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See the comments on chapter 13:52 for a description of the scribes. The Pharisees were a leading sect of the Jews who made great pre-tentions of righteousness. They, with the scribes, were enemies of Jesus and frequently tried to get him into trouble with either the Sanhedrin or the Romans.
The Pharisees and others who stood with them doctrinally placed great stress on the traditions of those who were the elders or forefathers in the Mosaic system. In most cases they held these traditions to be of more importance than the written law of Moses, and where there was a disagreement between them they perverted the written law in favor of the tradition. One of such rules had to do with washing the hands at certain specified times. This was not done as a necessary act of sanitation but was one of the self-imposed rituals of the elders among the Jews. The disciples were busy with the important affairs of their work with Jesus and did not observe such ceremonies. But the critics thought they had a cause for accusation against them and came to Jesus with their complaint.
It was a much worse fault to set the traditions of the elders against the positive requirements of the Mosaic law than it was to ignore the customs of the fathers, and that was the accusation that Jesus made against these critics.
The law of Moses plainly required a man to honor his parents (Exo 20:12). The word honor in the commandment to which .Jesus referred comes from the Hebrew word KABED which Strong defines, "In a good sense (numerous, rich, honorable): causatively [as a cause], to make wealthy." The definition of the word which Moses wrote, as well as the reasoning of Jesus on the subject, shows that honoring one's parents included the financial support of them also.
A man's parents are in need of the good things of life and look to their son for help. But he puts them off with the excuse that the money that he would otherwise have spent on them so that they would have profited by it, had been "earmarked" for the Lord's treasury. This was hypocrisy on their part for they never carried out their claim of devoting the money to the cause of the Lord. Besides, the law never intended that money should be put into the public treasury that was needed for dependents.
The Pharisees taught that if a man withheld his support of his parents on the pretense of giving it to the Lord, he would be exempt from the commandment in Exo 20:12, thus putting their tradition above the law.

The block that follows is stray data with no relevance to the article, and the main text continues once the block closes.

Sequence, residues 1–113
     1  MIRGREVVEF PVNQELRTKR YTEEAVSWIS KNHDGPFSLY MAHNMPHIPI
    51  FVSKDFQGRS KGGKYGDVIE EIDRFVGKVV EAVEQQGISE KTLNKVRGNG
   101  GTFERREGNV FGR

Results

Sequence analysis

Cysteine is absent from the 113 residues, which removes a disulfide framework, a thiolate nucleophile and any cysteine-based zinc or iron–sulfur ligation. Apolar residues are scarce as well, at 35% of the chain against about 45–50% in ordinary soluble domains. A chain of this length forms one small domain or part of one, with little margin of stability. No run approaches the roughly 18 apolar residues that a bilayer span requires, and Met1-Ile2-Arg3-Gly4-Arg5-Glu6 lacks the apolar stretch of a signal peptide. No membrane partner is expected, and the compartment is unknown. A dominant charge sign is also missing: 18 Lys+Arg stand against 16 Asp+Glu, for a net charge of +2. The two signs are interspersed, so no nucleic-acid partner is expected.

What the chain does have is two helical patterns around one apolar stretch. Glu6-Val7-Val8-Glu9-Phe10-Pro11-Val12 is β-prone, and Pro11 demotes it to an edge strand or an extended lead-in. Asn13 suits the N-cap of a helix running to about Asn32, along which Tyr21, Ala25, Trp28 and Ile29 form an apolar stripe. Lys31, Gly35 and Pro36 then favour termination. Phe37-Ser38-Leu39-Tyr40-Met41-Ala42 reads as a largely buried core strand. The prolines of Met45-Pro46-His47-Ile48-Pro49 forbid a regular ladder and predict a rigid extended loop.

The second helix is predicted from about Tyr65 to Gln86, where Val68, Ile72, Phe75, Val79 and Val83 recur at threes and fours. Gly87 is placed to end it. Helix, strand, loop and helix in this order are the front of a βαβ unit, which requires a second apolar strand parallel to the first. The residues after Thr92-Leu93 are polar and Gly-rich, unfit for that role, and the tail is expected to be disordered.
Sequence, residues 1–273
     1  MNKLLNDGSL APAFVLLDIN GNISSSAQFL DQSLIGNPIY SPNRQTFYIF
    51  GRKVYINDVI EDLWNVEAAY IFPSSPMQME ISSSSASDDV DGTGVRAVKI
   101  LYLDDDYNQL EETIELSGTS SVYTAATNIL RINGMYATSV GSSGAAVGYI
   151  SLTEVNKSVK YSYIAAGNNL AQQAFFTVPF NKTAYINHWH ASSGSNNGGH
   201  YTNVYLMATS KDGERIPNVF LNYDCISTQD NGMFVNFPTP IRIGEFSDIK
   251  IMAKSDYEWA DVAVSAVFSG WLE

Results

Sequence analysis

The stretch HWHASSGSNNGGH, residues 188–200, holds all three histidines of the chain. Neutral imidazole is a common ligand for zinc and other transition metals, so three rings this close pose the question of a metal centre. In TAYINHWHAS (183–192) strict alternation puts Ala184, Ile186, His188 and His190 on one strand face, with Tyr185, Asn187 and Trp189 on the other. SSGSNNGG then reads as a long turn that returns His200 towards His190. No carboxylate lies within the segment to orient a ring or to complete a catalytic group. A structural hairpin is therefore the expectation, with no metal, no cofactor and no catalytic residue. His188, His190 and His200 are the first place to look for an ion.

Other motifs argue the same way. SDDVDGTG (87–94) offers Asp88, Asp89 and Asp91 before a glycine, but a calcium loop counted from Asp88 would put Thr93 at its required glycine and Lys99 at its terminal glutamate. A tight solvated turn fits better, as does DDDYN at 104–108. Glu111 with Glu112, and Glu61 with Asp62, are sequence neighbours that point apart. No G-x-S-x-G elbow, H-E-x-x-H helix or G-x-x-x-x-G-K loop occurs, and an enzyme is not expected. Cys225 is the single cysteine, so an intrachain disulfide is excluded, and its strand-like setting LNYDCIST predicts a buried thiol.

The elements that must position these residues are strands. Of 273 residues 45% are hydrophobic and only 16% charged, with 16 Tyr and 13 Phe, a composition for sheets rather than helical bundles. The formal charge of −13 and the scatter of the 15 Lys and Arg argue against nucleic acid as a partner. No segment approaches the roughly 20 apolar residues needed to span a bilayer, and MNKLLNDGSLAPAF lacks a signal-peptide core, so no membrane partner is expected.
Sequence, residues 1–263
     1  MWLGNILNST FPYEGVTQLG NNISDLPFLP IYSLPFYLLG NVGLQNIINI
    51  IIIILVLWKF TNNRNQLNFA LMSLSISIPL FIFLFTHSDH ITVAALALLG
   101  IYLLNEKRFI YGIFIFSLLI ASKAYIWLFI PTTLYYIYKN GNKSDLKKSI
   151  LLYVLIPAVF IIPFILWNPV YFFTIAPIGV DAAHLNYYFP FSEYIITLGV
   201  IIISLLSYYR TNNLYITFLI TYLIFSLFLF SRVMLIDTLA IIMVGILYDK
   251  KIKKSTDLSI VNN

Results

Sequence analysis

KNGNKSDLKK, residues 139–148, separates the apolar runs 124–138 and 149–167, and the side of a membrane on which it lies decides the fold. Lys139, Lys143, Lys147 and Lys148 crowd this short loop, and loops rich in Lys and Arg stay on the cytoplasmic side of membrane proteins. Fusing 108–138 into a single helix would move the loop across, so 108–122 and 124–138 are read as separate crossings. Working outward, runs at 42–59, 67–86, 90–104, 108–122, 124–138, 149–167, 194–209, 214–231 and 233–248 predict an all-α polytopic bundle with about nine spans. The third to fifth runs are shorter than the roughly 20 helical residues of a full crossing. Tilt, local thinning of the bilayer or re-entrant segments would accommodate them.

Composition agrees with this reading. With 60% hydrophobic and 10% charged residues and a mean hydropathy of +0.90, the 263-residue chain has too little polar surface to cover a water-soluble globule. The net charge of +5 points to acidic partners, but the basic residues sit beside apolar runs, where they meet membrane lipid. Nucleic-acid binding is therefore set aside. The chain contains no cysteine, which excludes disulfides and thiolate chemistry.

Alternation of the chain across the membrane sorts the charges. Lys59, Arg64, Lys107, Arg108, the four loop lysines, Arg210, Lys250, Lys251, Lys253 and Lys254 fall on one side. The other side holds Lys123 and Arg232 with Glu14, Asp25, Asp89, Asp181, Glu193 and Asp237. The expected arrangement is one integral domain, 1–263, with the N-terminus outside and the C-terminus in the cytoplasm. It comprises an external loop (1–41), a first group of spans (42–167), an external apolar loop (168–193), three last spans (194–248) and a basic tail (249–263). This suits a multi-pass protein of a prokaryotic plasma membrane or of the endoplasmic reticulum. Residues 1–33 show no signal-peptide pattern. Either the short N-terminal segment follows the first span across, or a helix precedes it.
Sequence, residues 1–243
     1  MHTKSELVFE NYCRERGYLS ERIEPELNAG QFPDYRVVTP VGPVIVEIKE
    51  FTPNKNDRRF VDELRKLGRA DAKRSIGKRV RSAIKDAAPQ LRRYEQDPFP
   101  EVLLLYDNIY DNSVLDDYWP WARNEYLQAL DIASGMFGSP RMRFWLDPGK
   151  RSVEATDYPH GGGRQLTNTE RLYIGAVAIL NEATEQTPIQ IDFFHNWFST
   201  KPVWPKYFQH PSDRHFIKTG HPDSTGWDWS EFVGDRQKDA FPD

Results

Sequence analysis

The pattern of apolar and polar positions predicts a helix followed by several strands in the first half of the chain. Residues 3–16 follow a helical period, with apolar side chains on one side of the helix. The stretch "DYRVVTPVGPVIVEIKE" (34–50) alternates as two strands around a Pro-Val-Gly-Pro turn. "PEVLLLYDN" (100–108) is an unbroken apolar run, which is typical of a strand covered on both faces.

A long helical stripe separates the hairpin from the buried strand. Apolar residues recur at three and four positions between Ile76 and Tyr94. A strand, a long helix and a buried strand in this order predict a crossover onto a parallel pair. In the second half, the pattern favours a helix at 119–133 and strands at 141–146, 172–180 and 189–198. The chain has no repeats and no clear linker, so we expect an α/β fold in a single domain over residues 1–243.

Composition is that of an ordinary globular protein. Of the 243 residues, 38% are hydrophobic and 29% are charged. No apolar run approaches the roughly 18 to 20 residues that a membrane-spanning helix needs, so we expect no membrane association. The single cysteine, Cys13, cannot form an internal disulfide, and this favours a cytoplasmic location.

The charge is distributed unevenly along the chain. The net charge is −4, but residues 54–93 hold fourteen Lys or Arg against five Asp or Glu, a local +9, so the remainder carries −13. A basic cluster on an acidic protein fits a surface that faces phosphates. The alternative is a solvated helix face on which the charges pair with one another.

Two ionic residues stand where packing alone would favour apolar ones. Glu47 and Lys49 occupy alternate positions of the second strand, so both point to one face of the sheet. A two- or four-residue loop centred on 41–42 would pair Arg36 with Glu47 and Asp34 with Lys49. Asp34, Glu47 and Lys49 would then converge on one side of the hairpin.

A hypocrite is one who professes to be what he knows he is not. See the comments at chapter 6:2 for the lexicon definition and other accounts of the word. Well did Esaias prophecy means the prophet did well in predicting these characters.
Generally speaking, the lips and mouth pertain to the fleshly or cuter man, and the heart refers to the inner man. The Biblical heart is the occasion of so much confusion among religious teachers that I shall give the reader a description of it as will be taken from the lexicon definition of original Greek. With one exception (PSUCHE in Eph 6:6) the word in the New Testament is from KARDIA and I shall quote Thayers definitions (the part in italics) for it in its various applications: "1. a. the vigor and sense of physical life. b. the soul or mind, as it is the fountain and seat of the thoughts, passions, desires, appetites, affections, purposes, endeavors. Specifically of the understanding, the faculty and seat of intelligence. Of the soul so far forth as it is affected and stirred in a bad way or good, or of the soul as the seat of the sensibilities, affections, emotions, desires, appetites, passions. 3. used of the middle or central or inmost part of any thing, even though inanimate." This Greek word occurs 158 times in the New Testament and is not rendered by any term but "heart" in the Authorized Version. From the extended definition as well as by the various connections in which it is used, it is plain that when "heart" is not used figuratively it means the mind or intelligence of man. This ex plains how a person's mouth or lips can say one thing while the heart does not really mean it, and thus he is acting hypocritically.
Worship is from SEBOMAI which Thayer defines, "to revere, to worship." The people of whom Jesus was speaking professed to have great respect for him and that is the sense in which he said they worshiped him. In vain is defined "fruitlessly" and means that the pretended reverence they had for Jesus would not bring them any favor from him as long as they taught the doctrine of human authority instead of that of the man they claimed to honor but whose teaching they were rejecting.